Hacking Weight-loss with Brain Science

Fat women dancing chapter divider

Financial rewards for weight-loss and exercise work…but only if you take the money away at the end for non-performance. Rewards are just not as effective as punishments! [Study: Framing Financial Incentives to Increase Physical Activity Among Overweight and Obese Adults: A Randomized, Controlled Trial] This result is, of course, very consistent with Dr. Daniel Kahneman’s work in behavioral economics, memory, and our perception of happiness. One of the key points is how we assign value on items that we already owe versus those that we are considering acquiring. Consider your house (if you own one) or your car. Would you sell it for the same amount of money as you would be willing to buy it for? The answer is no! We value what we own far more than other people’s stuff. Our reaction to ownership is emotional. Mathematics of equivalence just doesn’t penetrate how we feel through to our judgement. Consider the following social incentive program: At the start of my weight-loss program, I get $50 to lose 10 pounds over a 6 months period. At the end of that time period, I only lose 4 pounds. I have to give back $30 — that’s the deal, right? I…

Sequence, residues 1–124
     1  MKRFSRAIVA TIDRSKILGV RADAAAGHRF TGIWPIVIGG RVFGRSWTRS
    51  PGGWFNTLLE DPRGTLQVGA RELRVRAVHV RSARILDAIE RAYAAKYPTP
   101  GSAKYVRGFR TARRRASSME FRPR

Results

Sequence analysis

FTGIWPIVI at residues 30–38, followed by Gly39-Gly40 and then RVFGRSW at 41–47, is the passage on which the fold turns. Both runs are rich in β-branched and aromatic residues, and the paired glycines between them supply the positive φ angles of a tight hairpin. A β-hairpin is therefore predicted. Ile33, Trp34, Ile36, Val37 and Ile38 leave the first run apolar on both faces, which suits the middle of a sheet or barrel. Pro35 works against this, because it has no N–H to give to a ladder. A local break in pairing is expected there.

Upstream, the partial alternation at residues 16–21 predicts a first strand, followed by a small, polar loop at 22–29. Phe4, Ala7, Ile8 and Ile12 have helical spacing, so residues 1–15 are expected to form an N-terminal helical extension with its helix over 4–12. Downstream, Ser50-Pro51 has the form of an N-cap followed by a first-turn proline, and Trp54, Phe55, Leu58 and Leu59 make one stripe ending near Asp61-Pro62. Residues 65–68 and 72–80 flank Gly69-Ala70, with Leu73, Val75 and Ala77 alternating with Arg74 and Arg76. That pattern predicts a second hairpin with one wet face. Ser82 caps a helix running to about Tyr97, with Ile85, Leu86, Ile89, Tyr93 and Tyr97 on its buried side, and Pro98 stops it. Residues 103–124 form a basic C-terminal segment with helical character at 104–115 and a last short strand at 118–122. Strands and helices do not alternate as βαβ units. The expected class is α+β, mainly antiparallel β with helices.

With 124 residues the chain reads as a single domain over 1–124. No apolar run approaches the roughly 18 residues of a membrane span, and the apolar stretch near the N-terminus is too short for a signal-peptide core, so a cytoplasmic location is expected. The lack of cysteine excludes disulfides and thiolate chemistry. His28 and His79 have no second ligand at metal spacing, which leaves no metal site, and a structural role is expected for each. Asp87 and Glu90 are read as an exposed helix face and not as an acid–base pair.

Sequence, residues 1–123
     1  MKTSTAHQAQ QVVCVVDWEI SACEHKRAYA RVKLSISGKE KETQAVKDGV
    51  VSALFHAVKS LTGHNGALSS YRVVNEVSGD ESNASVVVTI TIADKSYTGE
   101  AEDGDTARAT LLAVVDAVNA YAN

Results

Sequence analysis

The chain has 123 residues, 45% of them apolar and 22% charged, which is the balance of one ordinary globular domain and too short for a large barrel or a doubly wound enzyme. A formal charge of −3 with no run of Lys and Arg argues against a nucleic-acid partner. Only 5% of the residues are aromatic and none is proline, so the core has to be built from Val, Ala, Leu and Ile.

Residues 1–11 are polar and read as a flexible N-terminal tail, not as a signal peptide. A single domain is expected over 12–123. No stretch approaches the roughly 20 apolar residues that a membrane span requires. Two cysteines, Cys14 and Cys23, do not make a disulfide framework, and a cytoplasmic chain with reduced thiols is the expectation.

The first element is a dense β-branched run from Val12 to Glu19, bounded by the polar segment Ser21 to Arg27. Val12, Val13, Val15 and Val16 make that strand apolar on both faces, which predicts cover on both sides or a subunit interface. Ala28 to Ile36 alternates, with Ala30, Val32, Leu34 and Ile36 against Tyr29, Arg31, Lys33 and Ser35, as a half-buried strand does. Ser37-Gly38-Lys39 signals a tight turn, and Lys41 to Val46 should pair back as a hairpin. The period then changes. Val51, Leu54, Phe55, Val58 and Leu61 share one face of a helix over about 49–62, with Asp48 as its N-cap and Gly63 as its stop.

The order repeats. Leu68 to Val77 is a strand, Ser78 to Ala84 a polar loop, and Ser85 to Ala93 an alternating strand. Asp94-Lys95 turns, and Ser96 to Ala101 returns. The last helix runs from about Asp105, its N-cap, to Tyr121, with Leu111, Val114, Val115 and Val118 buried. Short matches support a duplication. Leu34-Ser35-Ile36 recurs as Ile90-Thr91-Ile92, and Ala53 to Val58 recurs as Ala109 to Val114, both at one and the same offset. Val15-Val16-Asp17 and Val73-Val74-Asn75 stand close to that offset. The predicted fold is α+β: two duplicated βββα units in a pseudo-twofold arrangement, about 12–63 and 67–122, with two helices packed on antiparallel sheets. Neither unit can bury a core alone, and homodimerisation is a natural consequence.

Thoughts on An Event Apart San Francisco

AnEventApart Logo

We just returned from An Event Apart San Francisco and I am trying to put down notes and ideas while they are fresh in my mind. It was three full intense days of information — some great, some good, some not so much. But overall, it was a valuable experience (and they do conference right — great food, comfortable location, endless supply of coffee and sugar). My take is always unique — I overheard some people who were ecstatic over the presentations that I felt were completely off — but I have been in the business for over three decades now and I want ideas that are new to me. So here are my notes from the presentations. “The Fault, Dear Brutus (or: Career Advice From a Cranky Old Man)” by Jeffrey Zeldman A lot of what Jeffery spoke about resonated strongly: the need to force ourselves to get rid of disdain for our clients that just “don’t get it” — mutual respect is the foundation of designer-client relationship in conversation about design, focus on purpose and use and stay away from esthetics — every person has their own sometimes, people (clients, bosses) are incapable of seeing our growth as…